White nationalists are marching through my town

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I spent the week in meetings discussing logistics and hospital preparations for the alt-right’s “Unite the Right” rally to be held this weekend in my hometown of Charlottesville, VA. We discussed the likely injuries that would occur, how we were going to decrease the hospital census to deal with potential overflow, methods of securing the campus, and the latest police updates.

On Friday afternoon I summed up our discussions with my medical ICU colleagues and then happily wrote an out of office message; because, lucky for me, vacation is starting and I’ll be out of town for all of this. I even went to bed early to get ready for a long drive to the Northeast. But then the text messages started coming, asking if I was ok and if I had made it out of town yet. There were white nationalists — with lit torches — marching and chanting anti-minority and anti-immigrant slogans through town.

I have always had a complicated relationship with Charlottesville. I love the small town atmosphere, the Blue Ridge Mountains and all the other things that have landed this small central Virginia town on multiple best places lists.

Yet, I grew up an hour’s drive away and remember hearing and reading stories of the racial tensions that would occasionally flare up. I later became an undergrad at the University of Virginia and experienced these tensions firsthand. While these tensions certainly were not isolated to Charlottesville, they seemed to amplify here due to the prominence of the University, its reverence for a founding father who owned slaves, and — more recently — its statues honoring the Confederacy.

Nevertheless, I was excited to move here five weeks ago to start my first job out of training. I managed to brush off the Ku Klux Klan rally that occurred during my first weekend. But this weekend, with its images of angry white men shouting with torches and the violence taking place steps from where I live, invokes the racial terrorism I studied in accounts from our history. The abstract is now intensely personal. A car plowed into a crowd of protesters in the same spot my son and I watched a music performance the week before. My life is forever changed.

A few months ago I wrote an argument — essentially to myself — that my professional obligation as a physician was to try to understand people who continue to support the political right as its more extreme white nationalist elements have infiltrated the mainstream discourse. I tried because I did not want to let my personal feelings potentially affect the way I deliver care.

But I also tried because I wanted to keep good relationships with friends and colleagues despite our profound disagreements. I tried, but I failed. I failed because “to be black and conscious in America is to be in a constant state of rage,” as James Baldwin so concisely stated. I failed because I am human, and I refused to sacrifice a part of my humanity for the sake of accommodation. Rather than trying to reconcile, I decided to simply push these sentiments to a separate space in my professional life. A space where I learned early on in my training how to ignore my own needs (like food and sleep) for the sake of being available for my patients. Where I learned to ignore racist garb and statements when I encountered them. Where I learned to introduce myself as “Dr. Bell,” and quickly move in with a reassuring authority to occupy the awkward silence created if my presence elicited a split-second hesitation.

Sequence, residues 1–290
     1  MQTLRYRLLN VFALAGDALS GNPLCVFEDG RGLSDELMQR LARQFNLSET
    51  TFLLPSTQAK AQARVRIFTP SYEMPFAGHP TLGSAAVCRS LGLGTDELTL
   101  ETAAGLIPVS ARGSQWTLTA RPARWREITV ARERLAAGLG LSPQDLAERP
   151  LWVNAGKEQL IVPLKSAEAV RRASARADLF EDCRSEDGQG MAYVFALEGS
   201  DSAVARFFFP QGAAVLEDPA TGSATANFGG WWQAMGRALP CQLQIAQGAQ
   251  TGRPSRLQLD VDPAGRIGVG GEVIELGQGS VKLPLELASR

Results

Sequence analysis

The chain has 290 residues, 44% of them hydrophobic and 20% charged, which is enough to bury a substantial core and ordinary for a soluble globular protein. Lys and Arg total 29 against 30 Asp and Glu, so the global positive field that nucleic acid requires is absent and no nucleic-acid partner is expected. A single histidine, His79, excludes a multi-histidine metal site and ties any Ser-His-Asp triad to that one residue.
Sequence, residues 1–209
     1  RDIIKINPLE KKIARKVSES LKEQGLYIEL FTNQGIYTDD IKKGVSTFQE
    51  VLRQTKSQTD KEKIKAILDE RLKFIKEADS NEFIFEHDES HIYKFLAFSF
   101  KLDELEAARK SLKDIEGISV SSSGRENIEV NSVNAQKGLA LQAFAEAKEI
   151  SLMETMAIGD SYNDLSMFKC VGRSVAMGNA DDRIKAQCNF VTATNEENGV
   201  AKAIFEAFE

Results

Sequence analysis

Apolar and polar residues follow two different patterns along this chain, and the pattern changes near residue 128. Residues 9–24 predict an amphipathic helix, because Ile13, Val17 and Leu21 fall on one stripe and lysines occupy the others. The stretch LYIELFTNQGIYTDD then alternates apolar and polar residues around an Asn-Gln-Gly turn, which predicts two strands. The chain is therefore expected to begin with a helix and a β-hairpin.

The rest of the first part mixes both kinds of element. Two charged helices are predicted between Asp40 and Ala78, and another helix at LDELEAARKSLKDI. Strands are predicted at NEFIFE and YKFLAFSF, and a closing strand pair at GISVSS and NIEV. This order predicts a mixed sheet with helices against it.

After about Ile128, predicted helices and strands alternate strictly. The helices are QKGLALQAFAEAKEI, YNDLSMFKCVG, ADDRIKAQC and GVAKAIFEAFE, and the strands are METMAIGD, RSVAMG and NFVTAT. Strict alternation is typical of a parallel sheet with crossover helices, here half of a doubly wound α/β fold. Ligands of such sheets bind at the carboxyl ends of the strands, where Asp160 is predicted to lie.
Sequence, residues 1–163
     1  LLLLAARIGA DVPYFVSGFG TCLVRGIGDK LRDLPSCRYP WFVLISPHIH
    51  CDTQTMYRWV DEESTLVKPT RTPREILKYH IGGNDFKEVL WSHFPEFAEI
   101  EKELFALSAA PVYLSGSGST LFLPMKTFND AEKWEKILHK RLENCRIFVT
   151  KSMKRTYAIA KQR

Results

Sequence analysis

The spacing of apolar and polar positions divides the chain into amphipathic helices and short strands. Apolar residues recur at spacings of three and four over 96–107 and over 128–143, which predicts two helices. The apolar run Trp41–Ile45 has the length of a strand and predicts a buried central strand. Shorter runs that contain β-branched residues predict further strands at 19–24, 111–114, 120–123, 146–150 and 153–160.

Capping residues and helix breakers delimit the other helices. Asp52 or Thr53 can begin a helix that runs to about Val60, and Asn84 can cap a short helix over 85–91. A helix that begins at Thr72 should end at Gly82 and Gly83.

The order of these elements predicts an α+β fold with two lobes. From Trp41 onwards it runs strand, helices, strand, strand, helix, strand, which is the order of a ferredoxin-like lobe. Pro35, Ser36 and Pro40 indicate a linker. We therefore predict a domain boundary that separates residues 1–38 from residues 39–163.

My belief was that creating this space allowed me to function well in my role as a care provider and hospital administrator. So throughout my discussions about hospital preparedness, I didn’t have to question how I would feel caring for someone injured while demonstrating against racial equality. If I’m their doctor, nothing else matters, and they will get my full effort. This strategy has worked well, but it has also left me with a blind spot. I wasn’t able to anticipate the images of racial terrorism blanketing the news coverage ahead of time and reflect on how it may affect me. I couldn’t visualize the death and destruction where I shared laughs and treats with my son just days before. I couldn’t see all of this happening in my new home. But now that I have seen and experienced this, my space to isolate these feelings is growing in my conscience. And I wonder for how much longer I can control it.

Taison Bell is an internal medicine physician.

Image credit: Shutterstock.com

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